Why Trump was elected

(it’s not what you think)

Trump was elected for many reasons, but the biggest one has been ignored. The forgotten rural class, angry whites, Hillary’s emails, misogyny, Jill Stein, Russian meddling, voter suppression, contributed in 2016. Other factors will contribute to similar elections in the future. They should be addressed. But they’re not the biggest, most important reason.

Trump, someone like Trump, was inevitable. He’s not even the worst that could have happened. Why? Only 30% of potential voters elect Presidents in the U.S.A.. Trump got 27%.

55.7% of potential voters voted in 2016, based on self-reports. The real number is probably lower. 64.2% claimed they were registered. Hence 35.8% of voting age citizens weren’t able to cast a ballot.

Compared to other developed countries, Americans are non-voters. 40 of 44 European countries have higher turnout. However if you compare turnout among those eligible (registered) to vote, the U.S.A. ranks much higher. If an American is registered, they are probably going to vote.

A simple reading of these stats suggests that other countries differ by registering most of their voting age population. Making registration universal in the U.S.A. might lift American turnout to the levels found elsewhere.

However that’s a solution. The problem today is that G.W. Bush and Obama were elected with 30% of the potential electorate, and Trump and Clinton got 27% and 28% respectively.

History tells us that giving 30% of the population the authority to elect leaders causes problems. In the last truly free German election (1932) prior to World War II, Hitler won 27% of potential voters. Same percent as Trump.

In the 2016 Philippine presidential election, Duterte, a promoter of extra-judicial killings and undemocratic norms, won 39% of registered voters. About 85% of Filipinos are registered, so Duterte was elected with 33% of potential voters.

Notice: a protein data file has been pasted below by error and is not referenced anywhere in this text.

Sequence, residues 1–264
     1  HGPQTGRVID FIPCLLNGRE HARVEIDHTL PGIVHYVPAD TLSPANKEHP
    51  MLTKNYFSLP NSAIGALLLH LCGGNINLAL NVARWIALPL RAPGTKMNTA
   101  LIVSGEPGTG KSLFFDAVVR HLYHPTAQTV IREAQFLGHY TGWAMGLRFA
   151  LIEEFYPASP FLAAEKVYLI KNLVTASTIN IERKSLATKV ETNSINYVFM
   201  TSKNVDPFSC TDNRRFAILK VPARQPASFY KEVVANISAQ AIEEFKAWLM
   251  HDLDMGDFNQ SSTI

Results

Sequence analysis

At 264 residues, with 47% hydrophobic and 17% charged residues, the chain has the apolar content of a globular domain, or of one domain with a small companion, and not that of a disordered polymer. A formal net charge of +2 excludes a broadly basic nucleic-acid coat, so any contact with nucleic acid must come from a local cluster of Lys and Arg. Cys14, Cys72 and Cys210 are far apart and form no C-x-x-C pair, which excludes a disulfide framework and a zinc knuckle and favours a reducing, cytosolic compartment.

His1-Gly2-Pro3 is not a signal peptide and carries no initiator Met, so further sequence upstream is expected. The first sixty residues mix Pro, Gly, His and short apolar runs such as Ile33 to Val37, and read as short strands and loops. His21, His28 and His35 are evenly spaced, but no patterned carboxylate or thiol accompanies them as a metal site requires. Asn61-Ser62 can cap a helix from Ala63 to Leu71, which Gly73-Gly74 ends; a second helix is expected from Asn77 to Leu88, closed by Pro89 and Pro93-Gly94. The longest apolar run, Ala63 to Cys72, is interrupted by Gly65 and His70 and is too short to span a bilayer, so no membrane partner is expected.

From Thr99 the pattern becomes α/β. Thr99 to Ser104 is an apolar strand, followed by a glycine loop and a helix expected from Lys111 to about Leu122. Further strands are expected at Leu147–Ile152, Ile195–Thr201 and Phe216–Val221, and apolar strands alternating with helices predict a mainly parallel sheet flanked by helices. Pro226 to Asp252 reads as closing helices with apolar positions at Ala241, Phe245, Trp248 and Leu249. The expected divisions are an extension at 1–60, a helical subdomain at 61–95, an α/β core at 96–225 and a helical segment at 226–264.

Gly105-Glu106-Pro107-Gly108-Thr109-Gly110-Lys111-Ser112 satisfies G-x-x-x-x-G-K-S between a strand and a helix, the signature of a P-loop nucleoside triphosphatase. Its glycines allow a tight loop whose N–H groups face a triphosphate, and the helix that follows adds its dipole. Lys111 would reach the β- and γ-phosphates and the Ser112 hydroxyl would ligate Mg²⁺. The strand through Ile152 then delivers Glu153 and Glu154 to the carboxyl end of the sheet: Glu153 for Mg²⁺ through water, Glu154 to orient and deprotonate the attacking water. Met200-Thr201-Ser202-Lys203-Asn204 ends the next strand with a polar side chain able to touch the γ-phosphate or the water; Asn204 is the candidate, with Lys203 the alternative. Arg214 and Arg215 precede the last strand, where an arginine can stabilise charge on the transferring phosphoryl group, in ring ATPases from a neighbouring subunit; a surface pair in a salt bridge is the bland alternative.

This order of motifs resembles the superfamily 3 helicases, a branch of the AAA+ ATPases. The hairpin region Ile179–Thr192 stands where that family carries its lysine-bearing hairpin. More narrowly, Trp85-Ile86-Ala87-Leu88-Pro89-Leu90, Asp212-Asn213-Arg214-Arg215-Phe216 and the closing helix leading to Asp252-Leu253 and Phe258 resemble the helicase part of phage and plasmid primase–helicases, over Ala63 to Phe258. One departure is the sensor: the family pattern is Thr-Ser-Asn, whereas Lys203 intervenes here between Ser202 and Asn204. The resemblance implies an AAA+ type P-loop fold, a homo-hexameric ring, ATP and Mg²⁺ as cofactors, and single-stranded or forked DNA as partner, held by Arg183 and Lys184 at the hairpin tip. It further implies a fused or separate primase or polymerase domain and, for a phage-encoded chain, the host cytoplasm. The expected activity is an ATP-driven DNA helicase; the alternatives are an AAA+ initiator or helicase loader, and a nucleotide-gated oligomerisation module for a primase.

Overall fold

The most recent French presidential election was between a mainstream centrist and right-wing, race-baiting populist with fascist roots. 43.6% of potential voters voted for the centrist, Macron. 22.4% voted for the populist, Le Pen. If Le Pen had gotten 30% or more, she probably would have won.

Just because a leader gets elected with 1/3 of the potential voting population, doesn’t mean he or she will be a fascist or other dangerous populist. It opens the door to the possibility, however, because a third of the population can go off the rails.

After President Nixon resigned, in the face of solid evidence that he’d authorized criminal activity in campaigns, 30% or more of the U.S. population supported him. After Joseph McCarthy was censored by the Senate, and his methods of destroying innocent people were made public, a third of Americans still supported him.

Human nature isn’t pretty. There will always be angry, vindictive, envious, excitable people, ready to target some enemy. Their absolute number varies, but they’re rarely a majority. If they reach 30%, that’s something. If a system lets 30% (or 27%) elect it’s leader, that something can become President.

Someone like Trump is inevitable, given that less than 1/3 of potential voters elect America’s President. Someone like Trump will get elected again, if 30% continue to make the decision.

This is important, because there will be third party candidates, news media rabbit holes, foreign meddlers, and probably, sadly, the Electoral College, for many future elections. We can harden election infrastructure, ferret out fake news, combat ignorance. But surprises happen if 30% can choose.

Our priority should be to increase voter participation. Those who argue that nonvoters are ignorant and likely to make poor choices are wrong, both logically and empirically. It’s not that people make better political choices when they’re disengaged from politics. But they are as likely to make independent choices, based on their own judgement, as those invested in politics. Societies make better decisions when more individuals provide independent choices.

It may be hard to understand, intuitively. But groups of people have immense capacity, if they’re not coerced or swayed by dominant beliefs. No individual is likely to have a better answer than the dominant believers, but the sum of independent answers is almost always better.

Empirically, countries with mandatory voter participation, like Australia, eliminate the weird, extremist politics found in the U.S. Most Americans, including most Republicans, think the rich should pay higher taxes. No Republican in Congress will agree, because their narrow base doesn’t. If everyone votes (or chooses “none of the above”) the incentive to adhere to an extreme base’s view is minimized. It makes more sense to grab the middle.

People can argue whether having higher turnout will improve outcomes. But they miss the deeper point. If a country has turnout so low that 1/3 of citizens elect the leader, they’ll eventually run into a disaster. The U.S.A. just experienced this. Will the nation learn?

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